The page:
IPO investors who didn't like
should take a close look at its rival
It may make them feel better about Rackspace.
Consonus was expected to debut on the
two weeks ago, but a turbulent stock market and a rocky listing for rival Rackspace gave underwriters pause. The company is now looking to list its stock in the next couple of weeks with the ticker DCTI.
It's been a long road for Consonus. The Cary, N.C.-based company first filed for an IPO back in May 2007, aiming for a fall offering of 6 million shares priced between $7 and $9 each. In June 2008, it revised its offering down to 3 million shares priced between $8 and $10. The overall amount raised in the offering would be reduced to a midpoint of $27 million from the originally hoped-for $48 million.
Like Rackspace, Consonus is in a thriving area. The market for Web-hosting of IT services is seeing strong growth, as is the technology consulting that Consonus also offers. The breadth of Consonus' services is broad enough to compete with giants like
Unlike those giants, Consonus focuses on companies with 300 to 2,000 people as well as universities. Its clients include shipping company
, software company
, Blue Cross Blue Shield Association and Johns Hopkins University.
Over the past year, while Consonus has languished in the IPO queue, its valuation seems to have shrunk dramatically. Last September, Consonus said an offering would leave 10.5 million shares outstanding. At the proposed $8 a share, that's a valuation of $84 million. After a reverse stock split in January, Consonus will have only 6.2 million shares outstanding after an IPO. At $9 a share, the company is now valued at $55 million.
Consonus' value has been marked down by one-third in nine months. Underwriters have essentially put one of K-Mart's flashing blue lights on top of this IPO.
I bet investors are glad they didn't go for this stock a year ago. Should they go for it now?
There are a few things they should consider first:
Let's start with how dilutive this IPO is. Consonus is offering 3 million shares, which is nearly as many shares as investors already hold. That's an unusually large float -- nearly 50%. (Rackspace's offering was equal to 13% of its outstanding shares, and some people thought that was big.)
Measuring Consonus' proposed valuation against sales, it looks cheap. The $55 million implied in its prospectus is a bit more than half the $101 million in revenue it brought in last year.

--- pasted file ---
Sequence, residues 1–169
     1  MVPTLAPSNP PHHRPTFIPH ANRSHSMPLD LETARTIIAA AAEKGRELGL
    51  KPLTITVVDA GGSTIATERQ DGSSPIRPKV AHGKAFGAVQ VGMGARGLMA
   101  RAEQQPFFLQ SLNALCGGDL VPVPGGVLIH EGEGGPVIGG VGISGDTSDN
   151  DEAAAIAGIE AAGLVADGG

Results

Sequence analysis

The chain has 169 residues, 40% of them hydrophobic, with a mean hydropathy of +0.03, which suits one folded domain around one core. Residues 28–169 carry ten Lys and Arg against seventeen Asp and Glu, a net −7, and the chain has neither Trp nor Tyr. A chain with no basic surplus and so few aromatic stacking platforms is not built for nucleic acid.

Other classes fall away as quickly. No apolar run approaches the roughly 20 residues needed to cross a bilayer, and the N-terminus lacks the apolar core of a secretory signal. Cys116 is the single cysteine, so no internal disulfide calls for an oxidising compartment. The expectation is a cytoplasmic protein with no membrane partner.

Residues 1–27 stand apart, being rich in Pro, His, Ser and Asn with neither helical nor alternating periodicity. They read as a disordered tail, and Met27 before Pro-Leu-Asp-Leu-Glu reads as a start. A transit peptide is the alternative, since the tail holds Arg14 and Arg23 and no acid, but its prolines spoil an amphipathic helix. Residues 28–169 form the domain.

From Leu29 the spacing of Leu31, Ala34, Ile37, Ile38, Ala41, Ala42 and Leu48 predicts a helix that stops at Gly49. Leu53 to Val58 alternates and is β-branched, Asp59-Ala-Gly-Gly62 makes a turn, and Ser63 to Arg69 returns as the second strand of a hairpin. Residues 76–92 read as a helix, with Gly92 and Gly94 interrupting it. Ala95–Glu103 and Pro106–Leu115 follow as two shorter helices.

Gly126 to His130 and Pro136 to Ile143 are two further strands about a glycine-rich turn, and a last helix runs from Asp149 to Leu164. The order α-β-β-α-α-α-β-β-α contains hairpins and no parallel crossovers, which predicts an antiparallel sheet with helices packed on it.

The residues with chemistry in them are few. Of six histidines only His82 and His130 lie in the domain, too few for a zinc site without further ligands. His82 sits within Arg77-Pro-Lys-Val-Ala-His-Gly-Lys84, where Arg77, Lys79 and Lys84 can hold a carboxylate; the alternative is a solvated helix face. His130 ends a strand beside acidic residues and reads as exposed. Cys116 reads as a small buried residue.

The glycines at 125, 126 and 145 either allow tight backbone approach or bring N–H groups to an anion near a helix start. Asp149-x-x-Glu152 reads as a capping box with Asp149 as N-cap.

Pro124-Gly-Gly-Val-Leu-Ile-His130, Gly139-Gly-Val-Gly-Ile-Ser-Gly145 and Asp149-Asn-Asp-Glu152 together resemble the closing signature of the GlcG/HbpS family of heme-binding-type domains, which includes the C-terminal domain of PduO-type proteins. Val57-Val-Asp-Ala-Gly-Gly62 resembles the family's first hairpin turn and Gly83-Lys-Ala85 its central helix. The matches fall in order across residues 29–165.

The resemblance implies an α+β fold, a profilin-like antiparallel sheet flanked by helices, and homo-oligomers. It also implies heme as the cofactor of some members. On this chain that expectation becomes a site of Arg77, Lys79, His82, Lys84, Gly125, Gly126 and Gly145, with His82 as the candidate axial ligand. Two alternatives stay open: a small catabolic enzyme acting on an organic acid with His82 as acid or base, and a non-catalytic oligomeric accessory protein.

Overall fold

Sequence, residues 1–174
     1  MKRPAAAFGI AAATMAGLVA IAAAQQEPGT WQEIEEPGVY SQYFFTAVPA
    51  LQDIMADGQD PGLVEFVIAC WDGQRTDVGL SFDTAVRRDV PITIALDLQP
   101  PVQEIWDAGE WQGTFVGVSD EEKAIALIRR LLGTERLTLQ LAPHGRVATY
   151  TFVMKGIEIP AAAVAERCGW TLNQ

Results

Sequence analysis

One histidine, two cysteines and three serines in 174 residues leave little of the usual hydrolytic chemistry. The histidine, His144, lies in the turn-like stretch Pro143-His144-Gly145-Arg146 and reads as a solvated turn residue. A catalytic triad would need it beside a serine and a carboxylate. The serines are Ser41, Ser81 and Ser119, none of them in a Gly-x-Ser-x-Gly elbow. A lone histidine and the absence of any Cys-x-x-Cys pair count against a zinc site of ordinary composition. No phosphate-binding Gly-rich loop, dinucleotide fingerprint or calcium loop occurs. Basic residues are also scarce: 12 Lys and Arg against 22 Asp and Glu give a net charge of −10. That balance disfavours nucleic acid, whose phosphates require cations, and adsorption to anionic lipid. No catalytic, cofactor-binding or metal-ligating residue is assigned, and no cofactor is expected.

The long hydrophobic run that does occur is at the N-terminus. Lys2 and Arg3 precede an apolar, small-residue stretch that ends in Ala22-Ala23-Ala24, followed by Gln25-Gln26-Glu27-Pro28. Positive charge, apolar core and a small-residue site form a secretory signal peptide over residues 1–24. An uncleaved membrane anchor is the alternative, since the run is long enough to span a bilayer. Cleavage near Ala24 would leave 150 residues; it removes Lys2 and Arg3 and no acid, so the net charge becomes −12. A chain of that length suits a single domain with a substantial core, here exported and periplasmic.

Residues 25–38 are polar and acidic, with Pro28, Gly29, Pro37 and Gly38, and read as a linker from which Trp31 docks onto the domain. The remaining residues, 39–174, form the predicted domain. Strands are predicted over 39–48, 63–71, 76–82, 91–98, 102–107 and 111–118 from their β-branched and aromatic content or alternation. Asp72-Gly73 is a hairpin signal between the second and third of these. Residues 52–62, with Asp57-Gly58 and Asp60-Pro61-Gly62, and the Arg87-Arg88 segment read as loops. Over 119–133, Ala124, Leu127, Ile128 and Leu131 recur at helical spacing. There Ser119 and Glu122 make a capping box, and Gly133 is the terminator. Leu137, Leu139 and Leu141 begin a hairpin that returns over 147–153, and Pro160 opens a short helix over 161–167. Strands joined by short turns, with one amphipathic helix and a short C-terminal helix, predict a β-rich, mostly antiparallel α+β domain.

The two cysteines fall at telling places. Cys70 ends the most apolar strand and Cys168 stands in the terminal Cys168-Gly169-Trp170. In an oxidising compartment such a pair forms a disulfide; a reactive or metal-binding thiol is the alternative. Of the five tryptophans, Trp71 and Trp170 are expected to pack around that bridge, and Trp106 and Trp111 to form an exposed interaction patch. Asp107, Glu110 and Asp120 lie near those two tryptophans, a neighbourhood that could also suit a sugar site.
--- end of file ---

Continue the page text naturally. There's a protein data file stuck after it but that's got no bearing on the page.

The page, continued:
But valuing Consonus against earnings is tougher. Consonus lost $4.9 million in 2007, following a loss of $287,000 in 2006.
And it had an operating loss of $611,000 last year.
So far this year, that trend hasn't showed signs of reversing. The company's loss ballooned to $7.1 million in the March quarter from a $1.7 million loss a year earlier. And revenue grew only 4.7% to $25 million in the quarter.
One might wonder why a company losing money would brave this hostile IPO market, even it means slashing its value. It suggests desperation. Consider that executives will receive meaty bonuses (including the forgiveness of a loan in default) once the deal is done.
The company itself also needs the money. Some $12 million of the proceeds will go to pay off debt, which stood at $44.5 million on March 31. The company has been paying more than $1 million a quarter in interest expenses.
Some of its debt agreements prevent Consonus from raising more debt and buying new companies. A January 2007 merger between Consonus Acquisition and Strategic Technologies has been hampered by the insistence of a creditor,
, that the assets, businesses, communications and management decisions of the two subsidiaries be segregated until it's paid pack in full.
You'd think a company dressing up to go public would do all it could to integrate a recent merger and boost profitability. But Consonus has no such luxury. Even worse, for several straight quarters the company has failed to be in compliance with Avnet's terms, forcing the debt agreement to be amended, restructured and re-amended.
In the process, the date after which Consonus will be required by the Avnet debt agreements to sell real property has been pushed back to Sept. 30. That may explain why the company is itching to go public and repay Avnet some of its money.
If those red flags aren't enough, here are a few more: Consonus was forced to restate its financial statement for the first three quarters of 2007. It's had two major service outages in the past four months, one that led to costly customer credits. And its controlling shareholder is in a dispute with management over that meaty IPO bonus and that defaulted loan.
Which brings us to executive compensation. Again, a comparison with Rackspace is illuminating. Rackspace is a company with $362 million in revenue and profit of $18 million. Its CEO had a base salary of $265,000 and a total compensation of $570,000.
Consonus, remember, had less than a third of Rackspace's revenue and no profit. But its CEO drew a base salary of $216,000 (it's bumping up to $245,000 this year) and total compensation of $822,000. One of these CEOs deserves that money a little more than the other.
The portrait drawn of Consonus by its own prospectus is of a money-losing, debt-laden start-up with a recent history of compliance problems regarding both accounting and debt covenants -- not to mention overpaid managers. But at least it's been marked down, which may just get it through the IPO gates.
Rackspace, the stronger company by far in nearly every respect, fell 20% on its first day. Just think how this grouchy IPO market will greet Consonus.